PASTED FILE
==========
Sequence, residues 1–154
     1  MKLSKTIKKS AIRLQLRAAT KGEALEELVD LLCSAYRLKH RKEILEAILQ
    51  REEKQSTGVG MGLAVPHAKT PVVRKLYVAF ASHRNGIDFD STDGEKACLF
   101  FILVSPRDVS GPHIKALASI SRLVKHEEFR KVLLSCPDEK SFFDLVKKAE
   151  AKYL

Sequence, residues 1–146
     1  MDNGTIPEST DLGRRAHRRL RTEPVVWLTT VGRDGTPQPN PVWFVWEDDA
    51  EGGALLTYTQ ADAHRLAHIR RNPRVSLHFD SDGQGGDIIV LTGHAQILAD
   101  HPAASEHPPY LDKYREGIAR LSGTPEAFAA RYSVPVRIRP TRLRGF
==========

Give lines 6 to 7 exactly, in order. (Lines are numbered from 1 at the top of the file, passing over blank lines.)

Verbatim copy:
Sequence, residues 1–146
     1  MDNGTIPEST DLGRRAHRRL RTEPVVWLTT VGRDGTPQPN PVWFVWEDDA